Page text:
Rapidly rising business health insurance spending is crowding out wage and salary increases.
Health care costs are a great cause of income inequality in America. Businesses that try to provide roughly equal health insurance plans for their employees, and many do, inadvertently make wage and salary inequality worse. A new study by Mark Warshawsky of the Mercatus Center at George Mason University, concludes companies paying for ever-increasing employee health insurance squeezes what’s left for wage and salary raises.
Economic inequality increases because health insurance typically represents a larger share of total compensation for lower-paid than higher-paid workers. The average employer-paid policy cost in 2015 was $12,591 per employee, according to the Kaiser Family Foundation. Companies that same year that raised employees’ wages, say, five percent for all workers, widened the wage and salary gap between the highest and lowest paid.
Despite government health programs,Obamacare, Medicare and Medicaid, empl0yer provided insurance remains the largest source of coverage affecting Americans (147 million). The Warshawsky study found that total employee compensation (including higher health costs) rose faster than just wages and salaries for workers at all income levels–but as expected, the gap was largest at lower income levels.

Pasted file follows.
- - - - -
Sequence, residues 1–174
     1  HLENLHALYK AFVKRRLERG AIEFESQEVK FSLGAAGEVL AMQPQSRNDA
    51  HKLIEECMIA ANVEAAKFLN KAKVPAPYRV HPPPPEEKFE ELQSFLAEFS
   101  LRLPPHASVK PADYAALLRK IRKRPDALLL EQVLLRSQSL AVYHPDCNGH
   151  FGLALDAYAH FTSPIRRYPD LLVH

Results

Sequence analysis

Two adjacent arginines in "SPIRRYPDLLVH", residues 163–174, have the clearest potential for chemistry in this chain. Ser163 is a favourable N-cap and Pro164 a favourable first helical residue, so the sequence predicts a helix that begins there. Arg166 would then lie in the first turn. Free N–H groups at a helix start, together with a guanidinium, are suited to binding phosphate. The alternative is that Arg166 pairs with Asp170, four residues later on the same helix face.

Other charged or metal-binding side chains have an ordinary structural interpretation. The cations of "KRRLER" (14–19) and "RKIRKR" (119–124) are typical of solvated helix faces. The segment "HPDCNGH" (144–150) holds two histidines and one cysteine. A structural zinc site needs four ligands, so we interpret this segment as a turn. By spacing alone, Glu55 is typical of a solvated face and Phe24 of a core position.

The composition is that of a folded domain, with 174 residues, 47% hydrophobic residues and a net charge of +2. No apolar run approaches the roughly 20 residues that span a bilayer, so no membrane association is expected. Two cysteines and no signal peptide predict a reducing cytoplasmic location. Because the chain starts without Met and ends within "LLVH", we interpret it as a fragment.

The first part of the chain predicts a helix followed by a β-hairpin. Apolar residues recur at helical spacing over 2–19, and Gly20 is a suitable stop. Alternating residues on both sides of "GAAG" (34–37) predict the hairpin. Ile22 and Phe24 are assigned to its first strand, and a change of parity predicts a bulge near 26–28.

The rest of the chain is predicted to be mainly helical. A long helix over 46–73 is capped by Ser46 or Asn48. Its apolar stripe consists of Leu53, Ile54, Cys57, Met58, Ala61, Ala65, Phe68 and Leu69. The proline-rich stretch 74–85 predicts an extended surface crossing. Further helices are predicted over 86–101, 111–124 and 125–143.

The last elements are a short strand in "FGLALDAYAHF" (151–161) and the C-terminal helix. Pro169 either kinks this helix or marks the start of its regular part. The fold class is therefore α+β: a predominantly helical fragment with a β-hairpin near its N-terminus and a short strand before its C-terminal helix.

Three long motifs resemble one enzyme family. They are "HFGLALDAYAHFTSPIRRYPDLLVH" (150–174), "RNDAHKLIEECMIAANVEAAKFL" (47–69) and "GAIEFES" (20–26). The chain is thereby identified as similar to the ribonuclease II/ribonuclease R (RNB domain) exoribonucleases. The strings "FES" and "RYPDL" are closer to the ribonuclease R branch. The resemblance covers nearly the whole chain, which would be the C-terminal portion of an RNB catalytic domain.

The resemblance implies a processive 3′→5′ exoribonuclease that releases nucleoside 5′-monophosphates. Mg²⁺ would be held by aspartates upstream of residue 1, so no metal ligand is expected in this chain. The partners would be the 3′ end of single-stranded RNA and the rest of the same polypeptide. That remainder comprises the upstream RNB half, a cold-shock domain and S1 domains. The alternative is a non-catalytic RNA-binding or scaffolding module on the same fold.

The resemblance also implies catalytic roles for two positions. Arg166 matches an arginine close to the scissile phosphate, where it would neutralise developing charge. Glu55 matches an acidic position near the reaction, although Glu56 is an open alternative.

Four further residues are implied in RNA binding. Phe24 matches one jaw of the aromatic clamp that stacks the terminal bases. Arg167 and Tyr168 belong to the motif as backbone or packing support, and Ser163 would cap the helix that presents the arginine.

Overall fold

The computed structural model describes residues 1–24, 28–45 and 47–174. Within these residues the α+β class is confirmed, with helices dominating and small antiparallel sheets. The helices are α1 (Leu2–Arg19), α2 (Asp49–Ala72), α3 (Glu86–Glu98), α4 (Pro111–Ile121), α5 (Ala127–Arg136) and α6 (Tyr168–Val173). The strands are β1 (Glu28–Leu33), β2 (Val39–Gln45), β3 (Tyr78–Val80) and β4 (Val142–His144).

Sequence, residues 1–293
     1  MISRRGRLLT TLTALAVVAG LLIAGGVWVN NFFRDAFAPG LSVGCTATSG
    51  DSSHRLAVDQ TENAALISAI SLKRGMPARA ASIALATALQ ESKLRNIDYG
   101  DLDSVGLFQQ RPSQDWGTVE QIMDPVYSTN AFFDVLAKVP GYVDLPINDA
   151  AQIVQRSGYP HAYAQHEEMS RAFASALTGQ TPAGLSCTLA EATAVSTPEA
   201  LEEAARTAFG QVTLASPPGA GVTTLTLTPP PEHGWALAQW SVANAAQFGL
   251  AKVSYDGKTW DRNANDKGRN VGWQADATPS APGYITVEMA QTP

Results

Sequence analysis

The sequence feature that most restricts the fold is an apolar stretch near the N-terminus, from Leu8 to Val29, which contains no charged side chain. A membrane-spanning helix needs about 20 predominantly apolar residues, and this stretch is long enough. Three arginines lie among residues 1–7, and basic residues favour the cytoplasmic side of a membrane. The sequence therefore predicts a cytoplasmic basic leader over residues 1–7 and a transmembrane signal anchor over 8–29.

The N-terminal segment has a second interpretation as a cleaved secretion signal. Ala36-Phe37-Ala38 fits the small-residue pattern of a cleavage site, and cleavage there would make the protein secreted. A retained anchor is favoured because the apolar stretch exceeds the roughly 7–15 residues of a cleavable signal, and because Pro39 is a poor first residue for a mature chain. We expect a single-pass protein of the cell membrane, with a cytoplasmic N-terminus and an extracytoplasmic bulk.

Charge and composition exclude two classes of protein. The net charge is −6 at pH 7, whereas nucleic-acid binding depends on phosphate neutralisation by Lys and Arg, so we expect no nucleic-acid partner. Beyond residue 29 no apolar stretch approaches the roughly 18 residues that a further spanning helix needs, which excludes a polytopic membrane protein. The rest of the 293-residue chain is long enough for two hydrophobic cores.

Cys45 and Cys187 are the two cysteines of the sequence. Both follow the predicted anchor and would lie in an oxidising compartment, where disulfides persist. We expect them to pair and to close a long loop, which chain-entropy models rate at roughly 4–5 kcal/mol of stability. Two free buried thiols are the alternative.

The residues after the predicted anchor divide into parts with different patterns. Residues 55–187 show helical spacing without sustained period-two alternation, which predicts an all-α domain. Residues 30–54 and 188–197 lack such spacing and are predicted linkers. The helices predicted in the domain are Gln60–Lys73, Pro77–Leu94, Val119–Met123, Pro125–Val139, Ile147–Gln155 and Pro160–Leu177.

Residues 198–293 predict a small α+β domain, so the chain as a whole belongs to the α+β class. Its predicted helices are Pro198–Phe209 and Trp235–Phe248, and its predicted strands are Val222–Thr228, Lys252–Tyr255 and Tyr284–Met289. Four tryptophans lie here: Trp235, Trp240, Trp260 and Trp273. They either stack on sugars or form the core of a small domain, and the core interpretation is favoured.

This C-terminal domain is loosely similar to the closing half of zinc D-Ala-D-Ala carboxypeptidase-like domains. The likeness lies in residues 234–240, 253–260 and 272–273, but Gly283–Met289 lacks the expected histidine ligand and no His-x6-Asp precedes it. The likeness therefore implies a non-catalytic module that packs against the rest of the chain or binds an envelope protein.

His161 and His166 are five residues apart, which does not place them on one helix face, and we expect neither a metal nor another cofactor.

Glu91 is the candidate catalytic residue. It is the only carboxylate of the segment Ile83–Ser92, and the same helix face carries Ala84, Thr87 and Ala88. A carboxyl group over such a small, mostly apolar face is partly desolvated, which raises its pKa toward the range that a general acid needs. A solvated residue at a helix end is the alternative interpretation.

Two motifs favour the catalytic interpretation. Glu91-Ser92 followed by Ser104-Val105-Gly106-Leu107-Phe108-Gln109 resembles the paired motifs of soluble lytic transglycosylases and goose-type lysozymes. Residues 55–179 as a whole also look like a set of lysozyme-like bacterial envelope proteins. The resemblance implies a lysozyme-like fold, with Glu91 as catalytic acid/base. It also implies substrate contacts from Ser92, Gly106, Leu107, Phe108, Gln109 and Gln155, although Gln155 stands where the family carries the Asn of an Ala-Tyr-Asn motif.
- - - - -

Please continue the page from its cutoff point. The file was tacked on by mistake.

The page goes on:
From 1992 to 2010, about half the increase in wage and salary inequality is explained by rising health costs, Warshawsky estimates. About half the population has little health spending and the five percent sickest Americans account for almost half of all U.S. health care-related spending, he points out. The healthy half, including all the lower income employer-insured, are subsidizing the five percent who rack-up the majority of costs.
Everyone wants comprehensive health coverage and less economic inequality. To hold down health insurance costs, companies are requiring higher deductibles (the average exceeds $1,000). This may boost wages and salaries, but it raises workers’, especially the lower income workers’, out-of-pocket medical costs. Reducing health care costs overall would help greatly.
A more knowledgable population is undoubtedly a healthier population. Horizonte’s, Salt Lake City School District’s alternative high school and adult education center, goal is to endow its formerly unsuccessful, immigrants and refugees with the education necessary to graduate from public high school and earn a privately-funded applied tech or college scholarship. Hopefully their future will be with the higher income workers.